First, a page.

The recommendation of a higher BP target for the “over-60s” contradicts the avalanche of hypertension guidelines that appeared in 2013 to 2014, including those from the European Society of Hypertension and the European Society of Cardiology (4); the American Heart Association, American College of Cardiology, and Centers for Disease Control and Prevention (5); and the American Society of Hypertension and the International Society of Hypertension (6), as well as others 1 to 2 years earlier (7,8), all of which supported a treatment goal of <140/90 mm Hg in all patients except, in some cases, patients older than age 80 years, where the rules were relaxed slightly. This leaves as a point of contention the huge number of hypertensive patients between the ages of 60 and 80 years, and contentious it has been. So much so that 5 members of the “JNC-8” Writing Committee took the unprecedented step of publishing a “minority report” (9), dissociating themselves from the JNC-8 panel recommendations on relaxed BP goals for those older than 60 years of age.
Authors of the minority report reminded us that it is undisputed that lowering BP improves cardiovascular outcomes, and that the JNC-8 panel had failed to identify evidence of harm of treatment to any particular target. The studies included in the JNC-8 panel recommendations, which failed to show a benefit of <140 mm Hg versus a higher goal, were underpowered to do so, and 1 study that did show benefit was excluded by the very rigorous JNC-8 panel criteria.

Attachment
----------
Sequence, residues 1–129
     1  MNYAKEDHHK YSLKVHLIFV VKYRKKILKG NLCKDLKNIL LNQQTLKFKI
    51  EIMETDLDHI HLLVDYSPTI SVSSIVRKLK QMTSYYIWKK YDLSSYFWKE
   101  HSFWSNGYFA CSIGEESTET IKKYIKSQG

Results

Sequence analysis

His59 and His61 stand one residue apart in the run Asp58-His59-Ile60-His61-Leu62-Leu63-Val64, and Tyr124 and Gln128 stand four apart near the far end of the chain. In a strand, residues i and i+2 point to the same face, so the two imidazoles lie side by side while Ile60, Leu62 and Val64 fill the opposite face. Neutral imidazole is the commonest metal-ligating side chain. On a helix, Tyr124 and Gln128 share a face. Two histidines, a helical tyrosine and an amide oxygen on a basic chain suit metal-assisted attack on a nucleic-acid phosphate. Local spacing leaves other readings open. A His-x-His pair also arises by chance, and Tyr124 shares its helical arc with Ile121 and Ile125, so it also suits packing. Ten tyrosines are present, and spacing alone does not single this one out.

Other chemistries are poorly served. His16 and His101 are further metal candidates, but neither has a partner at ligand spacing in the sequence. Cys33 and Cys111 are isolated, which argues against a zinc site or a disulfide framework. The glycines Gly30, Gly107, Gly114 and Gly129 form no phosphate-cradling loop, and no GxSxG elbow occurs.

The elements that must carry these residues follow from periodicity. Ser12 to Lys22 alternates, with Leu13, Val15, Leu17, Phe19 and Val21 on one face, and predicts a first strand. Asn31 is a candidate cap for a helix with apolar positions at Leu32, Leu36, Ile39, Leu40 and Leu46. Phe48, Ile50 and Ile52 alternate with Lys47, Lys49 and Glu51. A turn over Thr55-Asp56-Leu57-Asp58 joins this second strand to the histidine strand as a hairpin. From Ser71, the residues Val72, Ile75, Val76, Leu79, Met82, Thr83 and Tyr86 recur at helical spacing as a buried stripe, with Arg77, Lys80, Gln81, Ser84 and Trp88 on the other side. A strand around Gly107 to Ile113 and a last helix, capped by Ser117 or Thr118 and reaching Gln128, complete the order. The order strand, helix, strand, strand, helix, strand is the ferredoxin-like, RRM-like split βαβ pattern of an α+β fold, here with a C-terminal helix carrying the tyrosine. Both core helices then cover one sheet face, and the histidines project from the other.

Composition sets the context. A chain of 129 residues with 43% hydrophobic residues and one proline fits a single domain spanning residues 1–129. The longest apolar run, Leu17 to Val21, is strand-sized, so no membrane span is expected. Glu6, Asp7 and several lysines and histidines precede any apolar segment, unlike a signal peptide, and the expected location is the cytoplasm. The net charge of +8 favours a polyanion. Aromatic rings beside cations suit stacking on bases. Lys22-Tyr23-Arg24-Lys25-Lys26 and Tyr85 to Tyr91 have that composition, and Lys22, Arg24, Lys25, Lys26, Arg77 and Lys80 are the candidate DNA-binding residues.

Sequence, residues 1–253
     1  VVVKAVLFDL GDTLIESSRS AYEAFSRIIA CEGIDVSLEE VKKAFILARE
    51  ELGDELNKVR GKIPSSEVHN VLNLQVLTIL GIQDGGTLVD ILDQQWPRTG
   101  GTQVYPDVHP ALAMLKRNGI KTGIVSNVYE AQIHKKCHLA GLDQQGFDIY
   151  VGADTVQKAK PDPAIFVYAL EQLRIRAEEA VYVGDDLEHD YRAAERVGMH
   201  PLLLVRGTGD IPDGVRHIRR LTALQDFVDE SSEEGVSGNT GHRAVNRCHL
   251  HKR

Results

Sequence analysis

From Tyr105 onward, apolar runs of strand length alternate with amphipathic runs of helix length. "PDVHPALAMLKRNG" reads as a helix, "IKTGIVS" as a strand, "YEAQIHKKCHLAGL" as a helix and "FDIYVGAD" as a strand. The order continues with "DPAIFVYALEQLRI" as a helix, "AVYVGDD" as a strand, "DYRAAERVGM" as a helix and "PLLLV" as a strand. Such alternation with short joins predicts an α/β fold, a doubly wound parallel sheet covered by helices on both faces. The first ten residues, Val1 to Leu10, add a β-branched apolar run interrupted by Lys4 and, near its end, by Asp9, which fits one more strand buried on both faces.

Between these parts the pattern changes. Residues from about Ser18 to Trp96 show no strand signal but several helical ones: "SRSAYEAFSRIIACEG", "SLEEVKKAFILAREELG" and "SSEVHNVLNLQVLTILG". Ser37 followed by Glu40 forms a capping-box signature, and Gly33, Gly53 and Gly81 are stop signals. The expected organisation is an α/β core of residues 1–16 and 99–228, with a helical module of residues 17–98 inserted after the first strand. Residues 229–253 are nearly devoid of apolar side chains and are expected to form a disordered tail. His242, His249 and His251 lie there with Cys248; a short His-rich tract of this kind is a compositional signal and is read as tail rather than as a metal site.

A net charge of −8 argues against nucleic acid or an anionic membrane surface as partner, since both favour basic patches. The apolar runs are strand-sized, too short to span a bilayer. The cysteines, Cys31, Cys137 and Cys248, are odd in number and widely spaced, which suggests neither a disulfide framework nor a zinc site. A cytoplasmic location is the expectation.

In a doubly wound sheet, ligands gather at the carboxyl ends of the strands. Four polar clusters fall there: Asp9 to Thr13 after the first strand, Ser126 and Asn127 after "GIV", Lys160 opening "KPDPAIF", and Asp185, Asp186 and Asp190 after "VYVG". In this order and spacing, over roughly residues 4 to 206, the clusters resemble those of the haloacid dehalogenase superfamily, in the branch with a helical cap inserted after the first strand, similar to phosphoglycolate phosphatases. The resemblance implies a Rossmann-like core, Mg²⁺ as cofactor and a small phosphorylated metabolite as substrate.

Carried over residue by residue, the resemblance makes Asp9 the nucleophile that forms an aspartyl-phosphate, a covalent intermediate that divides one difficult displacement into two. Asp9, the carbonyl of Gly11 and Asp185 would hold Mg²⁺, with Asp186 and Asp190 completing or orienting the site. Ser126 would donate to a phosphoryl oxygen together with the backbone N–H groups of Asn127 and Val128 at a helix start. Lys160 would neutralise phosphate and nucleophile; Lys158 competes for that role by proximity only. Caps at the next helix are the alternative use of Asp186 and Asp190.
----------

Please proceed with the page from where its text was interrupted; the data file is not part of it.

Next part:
The main studies, which were quoted by JNC-8 to show no benefit of the lower BP goal, were the JATOS (Japanese Trial to Assess Optimal Systolic Blood Pressure in Elderly Hypertensive Patients) (10) and VALISH (Valsartan in Elderly Isolated Systolic Hypertension Study) (11). Neither included patients in the age 60 to 65 year range (JATOS age 65 to 85 years, VALISH age 70 to 84 years); JATOS had a target BP value of 140 to 159 mm Hg for the “moderate” BP control arm, different from the 140 to 150 mm Hg range of the JNC-8 panel recommendations; in both studies the observed rate of cardiovascular events was much lower than predicted, suggesting that the studies were underpowered to show benefit of a target of <140 mm Hg; and the studies were of relatively short duration (JATOS 2 years, VALISH 2.85 years). Also, both were in a Japanese cohort, which could limit the generalizability of the findings. The minority report then predicted that “the higher SBP goal in individuals aged 60 years or older may reverse the decades-long decline in CVD, especially stroke mortality” and might partially undo “the remarkable progress in reducing cardiovascular mortality in Americans older than 60 years” (9).